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“D” is for David

“D” is for David. The Confederate torpedo boat David was a small, steam-driven surface vessel armed with a pole-mounted charge called a spar torpedo. David Ebaugh built the David at Stoney Landing, on the Cooper River for the Southern Torpedo Company, a consortium of South Carolina businessmen inspired by a bounty placed on the destruction of U.S. Navy blockaders off Charleston. Completed in 1863, the unusual-looking craft closely resembled a cigar, with a cylindrical section and conical ends. Attached to the ship’s bow was a stationery fourteen-foot long metal pole with an explosive torpedo. The torpedo exploded when driven into the hull of an enemy warship. In October 1863, the David attacked but failed to sink the USS New Ironsides off Charleston. Although the David never sank an enemy vessel, both sides recognized the weapon’s value.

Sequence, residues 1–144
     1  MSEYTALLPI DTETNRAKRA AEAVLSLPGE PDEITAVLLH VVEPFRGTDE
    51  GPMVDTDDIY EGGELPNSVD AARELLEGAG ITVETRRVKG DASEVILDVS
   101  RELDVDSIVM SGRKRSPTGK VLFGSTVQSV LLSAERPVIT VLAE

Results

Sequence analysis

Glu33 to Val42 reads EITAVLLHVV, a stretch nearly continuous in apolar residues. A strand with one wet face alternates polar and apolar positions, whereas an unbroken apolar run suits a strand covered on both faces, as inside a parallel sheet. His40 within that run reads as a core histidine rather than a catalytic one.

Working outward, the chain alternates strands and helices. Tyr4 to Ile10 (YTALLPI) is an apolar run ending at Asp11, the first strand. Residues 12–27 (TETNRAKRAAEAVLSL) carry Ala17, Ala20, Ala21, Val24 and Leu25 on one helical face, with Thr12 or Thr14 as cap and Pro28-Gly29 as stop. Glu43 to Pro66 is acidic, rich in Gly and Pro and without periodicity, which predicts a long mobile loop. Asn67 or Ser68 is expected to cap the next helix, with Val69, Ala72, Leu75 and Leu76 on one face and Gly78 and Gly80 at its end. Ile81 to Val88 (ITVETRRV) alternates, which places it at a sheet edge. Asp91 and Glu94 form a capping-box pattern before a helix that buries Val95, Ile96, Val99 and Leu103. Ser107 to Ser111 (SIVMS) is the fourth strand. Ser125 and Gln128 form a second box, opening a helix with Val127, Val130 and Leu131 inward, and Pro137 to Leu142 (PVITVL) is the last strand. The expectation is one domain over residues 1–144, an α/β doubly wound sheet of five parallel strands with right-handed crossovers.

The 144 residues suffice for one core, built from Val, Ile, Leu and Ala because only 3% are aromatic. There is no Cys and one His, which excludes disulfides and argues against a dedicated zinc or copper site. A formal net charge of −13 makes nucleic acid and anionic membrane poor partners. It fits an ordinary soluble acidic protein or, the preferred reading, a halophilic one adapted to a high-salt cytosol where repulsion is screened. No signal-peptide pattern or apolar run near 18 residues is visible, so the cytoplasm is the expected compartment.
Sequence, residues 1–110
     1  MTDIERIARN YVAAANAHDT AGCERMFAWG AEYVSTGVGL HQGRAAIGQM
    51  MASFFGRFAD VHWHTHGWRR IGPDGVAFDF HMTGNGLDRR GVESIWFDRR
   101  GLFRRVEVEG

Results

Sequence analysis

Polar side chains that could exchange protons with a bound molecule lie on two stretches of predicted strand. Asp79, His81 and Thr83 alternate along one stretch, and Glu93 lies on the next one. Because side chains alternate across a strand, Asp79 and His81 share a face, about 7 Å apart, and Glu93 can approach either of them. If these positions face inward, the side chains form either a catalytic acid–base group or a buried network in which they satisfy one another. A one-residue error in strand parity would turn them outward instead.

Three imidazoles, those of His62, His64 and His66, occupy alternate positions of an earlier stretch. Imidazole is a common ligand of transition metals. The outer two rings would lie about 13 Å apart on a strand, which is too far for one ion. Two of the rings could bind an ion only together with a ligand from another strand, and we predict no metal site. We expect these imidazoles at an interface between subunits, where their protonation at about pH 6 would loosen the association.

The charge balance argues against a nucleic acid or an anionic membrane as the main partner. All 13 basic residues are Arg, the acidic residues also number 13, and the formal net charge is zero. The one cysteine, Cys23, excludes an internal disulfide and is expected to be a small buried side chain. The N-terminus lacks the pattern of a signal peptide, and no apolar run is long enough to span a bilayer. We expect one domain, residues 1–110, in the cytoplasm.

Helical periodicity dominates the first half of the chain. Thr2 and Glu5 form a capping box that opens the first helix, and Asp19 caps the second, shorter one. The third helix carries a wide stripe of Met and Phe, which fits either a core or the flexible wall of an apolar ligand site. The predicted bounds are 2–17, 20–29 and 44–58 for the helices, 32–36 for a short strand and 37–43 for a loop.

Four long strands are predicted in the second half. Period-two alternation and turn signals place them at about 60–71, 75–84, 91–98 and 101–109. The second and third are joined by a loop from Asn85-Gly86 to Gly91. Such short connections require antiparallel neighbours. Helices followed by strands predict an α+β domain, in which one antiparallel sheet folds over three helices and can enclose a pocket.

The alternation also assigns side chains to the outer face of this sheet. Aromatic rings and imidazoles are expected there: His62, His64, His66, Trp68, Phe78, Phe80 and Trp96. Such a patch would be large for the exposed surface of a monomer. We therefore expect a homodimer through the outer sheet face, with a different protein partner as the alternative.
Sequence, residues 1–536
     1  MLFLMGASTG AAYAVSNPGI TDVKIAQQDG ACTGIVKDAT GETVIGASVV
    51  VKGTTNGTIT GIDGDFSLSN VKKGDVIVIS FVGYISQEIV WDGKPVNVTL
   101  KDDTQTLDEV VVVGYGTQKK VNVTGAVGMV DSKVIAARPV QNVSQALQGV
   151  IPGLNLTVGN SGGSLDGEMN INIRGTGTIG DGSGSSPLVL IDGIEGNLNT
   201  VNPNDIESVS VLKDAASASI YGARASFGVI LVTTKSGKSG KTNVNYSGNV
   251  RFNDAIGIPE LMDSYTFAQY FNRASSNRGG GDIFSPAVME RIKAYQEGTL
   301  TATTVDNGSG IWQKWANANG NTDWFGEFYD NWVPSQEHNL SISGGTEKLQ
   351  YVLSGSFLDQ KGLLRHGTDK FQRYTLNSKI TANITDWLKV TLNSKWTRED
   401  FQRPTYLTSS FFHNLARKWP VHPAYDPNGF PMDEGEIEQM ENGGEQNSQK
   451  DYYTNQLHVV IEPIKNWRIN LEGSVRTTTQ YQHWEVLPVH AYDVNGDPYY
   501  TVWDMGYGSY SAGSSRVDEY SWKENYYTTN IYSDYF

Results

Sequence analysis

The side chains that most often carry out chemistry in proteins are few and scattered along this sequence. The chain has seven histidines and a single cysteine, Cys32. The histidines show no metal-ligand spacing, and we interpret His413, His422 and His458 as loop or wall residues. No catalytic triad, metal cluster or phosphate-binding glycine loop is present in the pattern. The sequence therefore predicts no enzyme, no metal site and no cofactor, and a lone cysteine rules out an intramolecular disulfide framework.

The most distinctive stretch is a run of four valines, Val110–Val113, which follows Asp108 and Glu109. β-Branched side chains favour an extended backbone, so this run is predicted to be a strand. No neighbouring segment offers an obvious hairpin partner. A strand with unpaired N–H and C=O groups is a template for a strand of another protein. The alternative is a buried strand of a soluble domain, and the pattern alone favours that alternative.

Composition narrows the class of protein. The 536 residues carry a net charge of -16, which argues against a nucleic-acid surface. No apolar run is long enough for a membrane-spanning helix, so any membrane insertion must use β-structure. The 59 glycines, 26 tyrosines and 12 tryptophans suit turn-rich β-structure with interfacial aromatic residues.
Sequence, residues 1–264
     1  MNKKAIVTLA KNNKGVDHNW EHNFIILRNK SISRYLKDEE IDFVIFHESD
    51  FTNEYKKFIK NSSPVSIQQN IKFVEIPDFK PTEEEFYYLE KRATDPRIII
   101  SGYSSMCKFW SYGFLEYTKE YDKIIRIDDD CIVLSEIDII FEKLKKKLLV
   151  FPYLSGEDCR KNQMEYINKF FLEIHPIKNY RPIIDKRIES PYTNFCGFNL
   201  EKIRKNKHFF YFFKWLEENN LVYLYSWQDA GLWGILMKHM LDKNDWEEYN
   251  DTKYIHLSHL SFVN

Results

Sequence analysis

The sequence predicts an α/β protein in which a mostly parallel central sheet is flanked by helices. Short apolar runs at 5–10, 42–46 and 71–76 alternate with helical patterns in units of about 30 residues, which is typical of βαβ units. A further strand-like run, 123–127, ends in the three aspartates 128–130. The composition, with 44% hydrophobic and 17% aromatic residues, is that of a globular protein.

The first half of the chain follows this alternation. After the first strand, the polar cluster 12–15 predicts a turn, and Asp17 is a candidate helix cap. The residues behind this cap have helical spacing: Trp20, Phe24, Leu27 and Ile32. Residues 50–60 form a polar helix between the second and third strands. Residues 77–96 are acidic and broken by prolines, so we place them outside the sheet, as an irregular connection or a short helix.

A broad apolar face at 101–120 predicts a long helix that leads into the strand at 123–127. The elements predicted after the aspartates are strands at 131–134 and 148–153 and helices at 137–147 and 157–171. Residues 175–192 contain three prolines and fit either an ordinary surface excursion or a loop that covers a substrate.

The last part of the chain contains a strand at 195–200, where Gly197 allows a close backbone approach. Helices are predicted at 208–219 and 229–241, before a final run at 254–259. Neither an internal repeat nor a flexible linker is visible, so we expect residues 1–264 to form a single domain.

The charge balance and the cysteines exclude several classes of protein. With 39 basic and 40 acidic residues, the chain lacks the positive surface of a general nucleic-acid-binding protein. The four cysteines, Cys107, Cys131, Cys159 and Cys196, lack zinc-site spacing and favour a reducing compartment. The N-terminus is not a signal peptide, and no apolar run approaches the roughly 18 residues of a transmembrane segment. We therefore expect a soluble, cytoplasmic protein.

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Dr. Walter Edgar has two programs on South Carolina Public Radio: Walter Edgar's Journal, and South Carolina from A to Z. Dr. Edgar received his B.A. degree from Davidson College in 1965 and his Ph.D. from the University of South Carolina in 1969. After two years in the army (including a tour of duty in Vietnam), he returned to USC as a post-doctoral fellow of the National Archives, assigned to the Papers of Henry Laurens.